In early 2011, the IRS filed a lien against the home of Michael A. Brown, an at-large member of the Council. Brown had neglected to pay over $25,000 in property and income taxes, though he has since paid off both debts. Councilmember Jack Evans spent nearly $150,000 of his constituent services fund to buy professional sports tickets. When deciding on a proposed ethics bill in December, Evans’ fellow councilmembers voted toallow Evans to continue buying season tickets. The chief of staff of Councilmember Jim Graham admitted to accepting a bribe during a D.C. taxi corruption investigation and was sentenced to eight months in prison. And of course, there is Marion Barry. Despite being arrested on cocaine charges back in the 90s, Barry served a second mayoral term and multiple stints on the D.C. Council. Currently, he represents Ward 8, and in December, the IRS filed a lien on Barry’s home due to unpaid income taxes.
Finally, Mayor Vincent Gray faces federal scrutiny due to allegations that his 2010 mayoral campaign team gave an opponent, Sulaimon Brown, multiple cash-stuffed envelopes and money orders to keep Brown in the race and continuing to verbally attack then-incumbent Mayor Adrian Fenty. In return, Brown claims that he was promised a job in Gray’s administration. Despite an eight month investigation by a House of Representatives ethics committee, no charges have been filed against Gray. Some District residents, however, have responded to the allegations and a shared dissatisfaction over accountability in D.C. politics by instigating a “Recall Vince Gray” movement.
It is worth taking a moment to trace the brief history of self-government in D.C. District residents only began electing a Mayor and a Council in the fall of 1974, after Congress passed the Home Rule Act. Formerly, Congress’ House Committee on the District of Columbia exercised almost total control over the local affairs of D.C. The Council was to operate just like any other state or county legislature, with the power to adopt laws and approve the District’s annual budget. But despite the passage of the Home Rule Act, Congress retains the power to review all legislation passed by the Council before it can become law, the President is the sole appointer of the District’s judges, and D.C. still has no voting representation in Congress. Multiple bills and constitutional amendments giving District residents voting representation have failed to pass, and the quest for complete autonomy continues.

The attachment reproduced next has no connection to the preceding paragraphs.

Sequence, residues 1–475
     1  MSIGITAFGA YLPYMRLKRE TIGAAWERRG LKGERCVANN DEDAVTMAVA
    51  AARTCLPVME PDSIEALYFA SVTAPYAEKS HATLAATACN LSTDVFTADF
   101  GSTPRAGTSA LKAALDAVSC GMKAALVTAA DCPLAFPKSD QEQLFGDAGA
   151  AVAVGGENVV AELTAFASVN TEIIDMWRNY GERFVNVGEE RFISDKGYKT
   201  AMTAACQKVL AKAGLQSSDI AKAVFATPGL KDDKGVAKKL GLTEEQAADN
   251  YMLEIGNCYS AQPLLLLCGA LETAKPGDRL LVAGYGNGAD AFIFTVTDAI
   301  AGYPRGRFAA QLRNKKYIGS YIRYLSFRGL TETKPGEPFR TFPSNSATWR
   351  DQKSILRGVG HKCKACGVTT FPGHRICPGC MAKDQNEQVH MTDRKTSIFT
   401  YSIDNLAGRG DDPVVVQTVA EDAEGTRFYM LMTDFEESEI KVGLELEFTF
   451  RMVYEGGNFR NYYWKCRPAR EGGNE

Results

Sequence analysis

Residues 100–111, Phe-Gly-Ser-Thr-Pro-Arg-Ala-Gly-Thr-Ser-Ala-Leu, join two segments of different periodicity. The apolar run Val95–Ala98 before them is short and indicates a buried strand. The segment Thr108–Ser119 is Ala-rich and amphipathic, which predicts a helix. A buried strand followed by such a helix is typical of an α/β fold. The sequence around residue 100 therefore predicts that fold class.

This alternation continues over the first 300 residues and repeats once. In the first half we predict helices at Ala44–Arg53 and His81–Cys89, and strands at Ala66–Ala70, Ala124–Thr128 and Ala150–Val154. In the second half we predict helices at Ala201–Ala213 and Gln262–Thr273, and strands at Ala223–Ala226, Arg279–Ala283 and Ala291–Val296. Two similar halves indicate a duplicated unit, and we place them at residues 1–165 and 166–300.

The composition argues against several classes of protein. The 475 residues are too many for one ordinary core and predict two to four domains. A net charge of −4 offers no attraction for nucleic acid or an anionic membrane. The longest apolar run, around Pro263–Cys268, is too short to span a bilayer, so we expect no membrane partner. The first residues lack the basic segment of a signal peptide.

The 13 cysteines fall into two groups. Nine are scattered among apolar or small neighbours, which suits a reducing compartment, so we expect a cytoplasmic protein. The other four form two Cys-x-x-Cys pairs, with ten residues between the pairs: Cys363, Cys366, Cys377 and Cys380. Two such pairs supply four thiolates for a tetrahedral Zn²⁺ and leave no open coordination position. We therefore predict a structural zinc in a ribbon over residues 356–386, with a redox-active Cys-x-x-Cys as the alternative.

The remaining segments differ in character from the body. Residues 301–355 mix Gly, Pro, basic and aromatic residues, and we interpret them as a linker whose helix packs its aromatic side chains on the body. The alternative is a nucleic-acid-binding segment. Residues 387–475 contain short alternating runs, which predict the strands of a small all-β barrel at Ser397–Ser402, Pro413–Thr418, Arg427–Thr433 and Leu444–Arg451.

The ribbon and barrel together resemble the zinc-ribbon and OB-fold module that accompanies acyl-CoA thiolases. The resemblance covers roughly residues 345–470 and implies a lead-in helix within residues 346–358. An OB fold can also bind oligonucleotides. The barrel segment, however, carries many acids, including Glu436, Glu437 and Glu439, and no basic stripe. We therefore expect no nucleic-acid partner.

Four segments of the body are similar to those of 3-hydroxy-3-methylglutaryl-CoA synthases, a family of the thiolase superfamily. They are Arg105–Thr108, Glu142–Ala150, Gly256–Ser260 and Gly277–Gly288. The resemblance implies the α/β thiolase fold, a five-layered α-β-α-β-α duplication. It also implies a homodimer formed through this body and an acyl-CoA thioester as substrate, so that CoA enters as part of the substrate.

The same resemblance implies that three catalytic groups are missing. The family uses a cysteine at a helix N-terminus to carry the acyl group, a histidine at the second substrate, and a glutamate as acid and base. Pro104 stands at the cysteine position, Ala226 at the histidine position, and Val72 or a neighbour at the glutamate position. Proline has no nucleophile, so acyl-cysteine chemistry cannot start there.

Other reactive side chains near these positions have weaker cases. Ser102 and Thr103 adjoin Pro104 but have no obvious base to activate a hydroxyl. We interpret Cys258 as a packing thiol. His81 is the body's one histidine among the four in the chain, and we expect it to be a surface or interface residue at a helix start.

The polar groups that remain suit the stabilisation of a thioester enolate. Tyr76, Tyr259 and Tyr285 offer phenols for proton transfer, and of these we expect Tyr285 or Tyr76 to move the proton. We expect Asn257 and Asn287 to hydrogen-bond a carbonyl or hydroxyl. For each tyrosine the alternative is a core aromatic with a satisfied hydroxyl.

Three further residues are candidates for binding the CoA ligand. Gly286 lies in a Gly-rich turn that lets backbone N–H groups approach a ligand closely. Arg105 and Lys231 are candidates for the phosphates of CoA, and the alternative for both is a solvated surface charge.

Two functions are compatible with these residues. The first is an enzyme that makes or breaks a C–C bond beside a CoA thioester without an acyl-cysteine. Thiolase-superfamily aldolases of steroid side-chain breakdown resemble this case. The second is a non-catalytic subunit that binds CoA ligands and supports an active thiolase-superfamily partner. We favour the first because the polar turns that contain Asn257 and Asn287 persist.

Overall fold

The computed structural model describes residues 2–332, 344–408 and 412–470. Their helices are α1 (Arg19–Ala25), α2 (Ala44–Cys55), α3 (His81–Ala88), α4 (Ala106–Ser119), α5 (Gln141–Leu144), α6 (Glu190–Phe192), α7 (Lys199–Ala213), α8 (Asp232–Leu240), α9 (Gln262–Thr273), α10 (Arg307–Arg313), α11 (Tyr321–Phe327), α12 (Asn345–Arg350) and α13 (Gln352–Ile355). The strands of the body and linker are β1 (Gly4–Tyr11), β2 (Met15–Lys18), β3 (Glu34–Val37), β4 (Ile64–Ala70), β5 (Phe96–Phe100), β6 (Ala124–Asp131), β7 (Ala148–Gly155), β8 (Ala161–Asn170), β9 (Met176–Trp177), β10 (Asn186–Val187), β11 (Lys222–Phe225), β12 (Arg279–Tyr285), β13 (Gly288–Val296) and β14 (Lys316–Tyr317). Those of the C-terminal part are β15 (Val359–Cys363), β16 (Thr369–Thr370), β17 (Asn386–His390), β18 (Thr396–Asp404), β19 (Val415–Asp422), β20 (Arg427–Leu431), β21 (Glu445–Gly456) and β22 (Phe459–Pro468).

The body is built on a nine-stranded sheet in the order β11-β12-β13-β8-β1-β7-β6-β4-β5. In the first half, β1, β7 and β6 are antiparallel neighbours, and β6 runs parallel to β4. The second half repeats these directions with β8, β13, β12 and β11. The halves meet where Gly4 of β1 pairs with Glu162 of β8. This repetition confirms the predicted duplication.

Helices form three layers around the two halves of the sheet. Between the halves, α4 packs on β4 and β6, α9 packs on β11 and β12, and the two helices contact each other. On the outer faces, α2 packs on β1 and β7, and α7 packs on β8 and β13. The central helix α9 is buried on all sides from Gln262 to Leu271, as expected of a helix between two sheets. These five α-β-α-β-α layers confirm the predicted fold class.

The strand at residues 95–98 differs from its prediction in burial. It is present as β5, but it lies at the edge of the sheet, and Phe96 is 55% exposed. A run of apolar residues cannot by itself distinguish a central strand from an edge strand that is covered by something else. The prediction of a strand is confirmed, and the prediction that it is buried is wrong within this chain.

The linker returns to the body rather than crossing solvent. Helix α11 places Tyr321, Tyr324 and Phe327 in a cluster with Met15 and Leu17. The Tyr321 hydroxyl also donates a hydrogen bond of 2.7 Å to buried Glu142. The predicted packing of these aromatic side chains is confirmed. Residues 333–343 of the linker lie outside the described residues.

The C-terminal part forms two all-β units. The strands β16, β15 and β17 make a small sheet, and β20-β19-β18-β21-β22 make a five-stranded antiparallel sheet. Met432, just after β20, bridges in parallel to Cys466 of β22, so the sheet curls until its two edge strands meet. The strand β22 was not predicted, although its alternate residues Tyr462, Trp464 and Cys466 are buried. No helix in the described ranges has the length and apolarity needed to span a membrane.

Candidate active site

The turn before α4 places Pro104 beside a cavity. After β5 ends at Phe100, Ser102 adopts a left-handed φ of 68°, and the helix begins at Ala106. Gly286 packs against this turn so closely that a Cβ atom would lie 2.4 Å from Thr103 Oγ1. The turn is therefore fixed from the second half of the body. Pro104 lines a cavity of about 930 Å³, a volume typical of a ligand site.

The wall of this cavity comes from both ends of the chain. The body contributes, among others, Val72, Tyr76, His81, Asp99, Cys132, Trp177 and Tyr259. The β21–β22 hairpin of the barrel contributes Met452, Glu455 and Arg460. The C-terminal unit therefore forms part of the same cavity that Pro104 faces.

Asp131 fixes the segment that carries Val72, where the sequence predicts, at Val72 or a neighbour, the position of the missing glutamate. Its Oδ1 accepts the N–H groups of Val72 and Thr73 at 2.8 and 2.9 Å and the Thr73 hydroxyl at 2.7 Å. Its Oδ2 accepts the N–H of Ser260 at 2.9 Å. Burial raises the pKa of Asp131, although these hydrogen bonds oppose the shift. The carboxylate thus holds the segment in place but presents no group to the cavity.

It appears undeniable to me that the Council’s semi-constant episodes of corruption and scandal have become tremendous blockades in the effort to mobilize state legislatures and rally the necessary support to achieve D.C. statehood. Local grassroots efforts pushing for “full American citizenship” are strong. And ever since the year 2000, even the District’s license plates lament “Taxation Without Representation.” But becoming a state entails more than a catchy slogan. Statehood requires approval by a majority vote of each House of Congress and the President's signature. Later this month, D.C. Council members will begin a series of trips to state legislatures across the county in hopes of gathering support for D.C. statehood. But with federal investigations looming, and the support and trust of District residents waning, the success of such efforts remains uncertain. At-large Councilman David Catania put it best, proclaiming: "How absurd is it for us, really, to try and make the case across the country for voting rights and statehood -- both are legitimate and well deserved -- when people across this country are treated to a routine diet of the latest shenanigans of this government?"